Five-time 50 over world champions Australia beat 2009 World T20 winners and unbeaten Pakistan in the semi-finals by five wickets to reach Sunday’s final with neighbours New Zealand.
Winning the toss, Australian captain Aaron Finch put Pakistan into bat, in a decision which maybe could have been driven (no intentional cricket pun) by not knowing what would be a good score to defend in Abu Dhabi.
Stats wise, if Pakistan got to a total of 175 + then Babar Azam’s men had a great chance of getting into yet another World T20 final, but matches aren’t always won on stats, controlling your emotions in the big moments and being calm under pressure does.
Babar’s Pakistan side would post 176-4 in their 20 overs , thanks to captain Babar Azam (39) opening partner Mohammed Rizwan (67) and a return to form for Fakhar Zaman (55 not out). The key to Pakistan’s success to get this far is, is that they have been able to get their key players into form.
Mohammed Hafeez, Shoaib Malik and Asif Ali (the batting line-up’s engine room) all making telling contributions this tournament. When it’s not your day, it’s not your day as between these three men, they were only able to make two between them.
Sports matches are settled by the finest margins. Unbeaten Pakistan who would consolidate in the first ten overs and then use that as a platform to launch for the last 10 overs where they would go on an assault of the oppositions bowling attack, is what they tried to do here.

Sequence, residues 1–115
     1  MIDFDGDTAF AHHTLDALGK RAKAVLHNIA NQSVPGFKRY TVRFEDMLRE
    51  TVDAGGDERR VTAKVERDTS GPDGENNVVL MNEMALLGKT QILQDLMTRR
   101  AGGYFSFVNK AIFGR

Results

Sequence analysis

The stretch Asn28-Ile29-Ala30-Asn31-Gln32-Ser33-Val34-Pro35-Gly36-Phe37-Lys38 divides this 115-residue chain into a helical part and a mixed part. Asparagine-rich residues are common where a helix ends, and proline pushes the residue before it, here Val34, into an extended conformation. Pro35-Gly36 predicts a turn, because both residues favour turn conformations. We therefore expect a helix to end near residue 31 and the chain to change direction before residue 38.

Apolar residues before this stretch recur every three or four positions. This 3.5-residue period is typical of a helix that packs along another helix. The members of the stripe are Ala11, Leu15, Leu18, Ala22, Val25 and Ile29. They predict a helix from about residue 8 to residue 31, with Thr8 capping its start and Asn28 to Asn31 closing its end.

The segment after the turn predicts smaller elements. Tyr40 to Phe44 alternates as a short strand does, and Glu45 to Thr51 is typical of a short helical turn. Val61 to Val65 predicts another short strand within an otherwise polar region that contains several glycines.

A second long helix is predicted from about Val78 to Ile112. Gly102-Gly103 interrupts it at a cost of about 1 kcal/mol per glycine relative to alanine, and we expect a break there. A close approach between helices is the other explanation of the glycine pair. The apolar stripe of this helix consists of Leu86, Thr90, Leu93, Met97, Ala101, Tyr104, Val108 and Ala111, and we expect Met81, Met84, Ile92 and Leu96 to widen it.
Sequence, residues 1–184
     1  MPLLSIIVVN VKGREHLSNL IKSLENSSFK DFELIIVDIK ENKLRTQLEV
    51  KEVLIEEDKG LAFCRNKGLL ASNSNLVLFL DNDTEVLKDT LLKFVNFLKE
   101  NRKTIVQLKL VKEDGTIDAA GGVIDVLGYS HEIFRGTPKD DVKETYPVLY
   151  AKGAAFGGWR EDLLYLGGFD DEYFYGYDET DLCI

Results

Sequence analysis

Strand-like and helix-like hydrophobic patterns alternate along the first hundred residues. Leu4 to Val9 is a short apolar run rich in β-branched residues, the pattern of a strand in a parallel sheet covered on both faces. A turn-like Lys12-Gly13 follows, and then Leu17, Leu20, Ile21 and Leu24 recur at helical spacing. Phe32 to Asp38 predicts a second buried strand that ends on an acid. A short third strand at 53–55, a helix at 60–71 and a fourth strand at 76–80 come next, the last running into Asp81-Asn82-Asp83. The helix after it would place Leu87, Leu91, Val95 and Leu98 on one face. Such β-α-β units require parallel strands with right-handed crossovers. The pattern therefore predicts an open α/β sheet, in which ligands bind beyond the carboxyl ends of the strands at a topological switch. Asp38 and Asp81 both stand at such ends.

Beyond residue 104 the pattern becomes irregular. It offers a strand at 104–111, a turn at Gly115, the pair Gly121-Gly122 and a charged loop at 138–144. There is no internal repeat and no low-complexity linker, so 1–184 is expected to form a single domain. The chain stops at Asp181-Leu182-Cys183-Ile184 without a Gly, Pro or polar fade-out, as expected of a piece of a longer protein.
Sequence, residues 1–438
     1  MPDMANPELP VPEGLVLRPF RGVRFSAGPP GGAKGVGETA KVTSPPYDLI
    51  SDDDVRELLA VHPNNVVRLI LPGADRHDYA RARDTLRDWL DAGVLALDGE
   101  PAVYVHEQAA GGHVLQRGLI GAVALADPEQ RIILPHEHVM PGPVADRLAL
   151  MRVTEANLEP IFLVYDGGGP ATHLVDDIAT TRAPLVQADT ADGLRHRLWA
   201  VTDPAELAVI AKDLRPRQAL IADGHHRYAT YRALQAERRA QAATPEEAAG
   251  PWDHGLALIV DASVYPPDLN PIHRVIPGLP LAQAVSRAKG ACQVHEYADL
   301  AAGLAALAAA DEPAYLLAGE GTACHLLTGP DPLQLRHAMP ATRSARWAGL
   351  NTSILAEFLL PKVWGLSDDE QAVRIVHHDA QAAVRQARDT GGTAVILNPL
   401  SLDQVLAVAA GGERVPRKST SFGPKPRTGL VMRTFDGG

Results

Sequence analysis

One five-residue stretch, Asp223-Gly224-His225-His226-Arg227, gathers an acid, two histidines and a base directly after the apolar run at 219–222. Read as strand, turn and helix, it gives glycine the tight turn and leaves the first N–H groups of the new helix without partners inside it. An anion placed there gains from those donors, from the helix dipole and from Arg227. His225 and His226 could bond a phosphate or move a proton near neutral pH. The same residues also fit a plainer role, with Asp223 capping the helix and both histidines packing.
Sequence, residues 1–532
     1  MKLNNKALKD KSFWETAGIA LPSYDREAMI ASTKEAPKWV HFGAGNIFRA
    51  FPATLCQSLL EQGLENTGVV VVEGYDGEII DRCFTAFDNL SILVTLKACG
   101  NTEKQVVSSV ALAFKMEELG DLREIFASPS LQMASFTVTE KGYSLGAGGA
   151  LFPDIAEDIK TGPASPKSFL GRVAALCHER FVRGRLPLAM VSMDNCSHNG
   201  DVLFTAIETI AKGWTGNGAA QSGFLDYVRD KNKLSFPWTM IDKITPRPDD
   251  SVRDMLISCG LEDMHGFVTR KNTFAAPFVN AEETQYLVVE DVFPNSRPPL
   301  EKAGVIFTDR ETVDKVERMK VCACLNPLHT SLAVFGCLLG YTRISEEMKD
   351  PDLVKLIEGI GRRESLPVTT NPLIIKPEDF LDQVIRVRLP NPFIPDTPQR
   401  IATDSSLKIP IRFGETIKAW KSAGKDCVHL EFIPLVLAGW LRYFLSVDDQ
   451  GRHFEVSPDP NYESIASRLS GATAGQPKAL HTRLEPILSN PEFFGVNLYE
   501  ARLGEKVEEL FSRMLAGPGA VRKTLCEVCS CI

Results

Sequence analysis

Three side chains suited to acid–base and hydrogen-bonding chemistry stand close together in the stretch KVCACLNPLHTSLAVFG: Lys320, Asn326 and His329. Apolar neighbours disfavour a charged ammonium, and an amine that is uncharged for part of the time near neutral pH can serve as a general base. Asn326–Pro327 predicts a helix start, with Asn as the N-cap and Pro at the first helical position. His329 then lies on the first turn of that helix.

In Mitchell Starc and Pat Cummins however, you have bowlers who are masters of the death bowling trade. Pakistan would still eek out 105 runs in the last 10, but this would be lower than their efforts that they scored against Scotland and Namibia (129).
Australia needed 177 to reach the final. First The Aussies needed to over come the twin threat of Imaad Wasim and the jewel in the Pakistani crown, Shaheen Shah Afridi. Just like the 21-year old Afridi did against India, he would again get a crucial wicket early on.
Aussie captain Aaron Finch, would be dismissed for a golden duck, trapped LBW off the bowling of Afridi. Warner and co were up against it, but a nerve steadying 51 run second wicket stand between Warner (49) and Mitch Marsh 28) helped Australia get ahead of the comparative rate.
Game over, some may have thought, but up came vice-captain Shadab Khan, the 24-year old all-rounder and Islamabad United captain. The leg-spinner would take best figures in a semi-final for this format (4-26) and Pakistan were daring to believe of another final.
At 96-5 and with Maxwell, Smith and Warner all back in the pavilion, just maybe even the most passionate of Australian fans were losing hope. But there would be a final twist in the tale as Marcus Stoinis (40 not out) and Matthew Wade (41 not out) combined and put on an unbroken 81 for the sixth wicket.
Cricket is a cruel game sometimes and none so more for Hassan Ali. Ali who spear headed Pakistan to 2017 Champions trophy glory, struggled in this tournament and did so here too (0-44 from four overs).
A dropped catch off the bowling of Shaheen Shah Afridi, did give Matthew Wade a reprieve, but in reality the game was over by then. Wade, would duly end proceedings with consecutive sixes off the bowling of Afridi.
Trolls will criticise Hassan Ali for the drop catch, it wasn’t an easy catch for the 27-year old but these small margins make a big difference and catches win matches. Let’s hope this experience makes him better and for the 21-year old Shaheen too.
Australia play New Zealand in Sunday’s final at Dubai International Cricket Stadium, Dubai.
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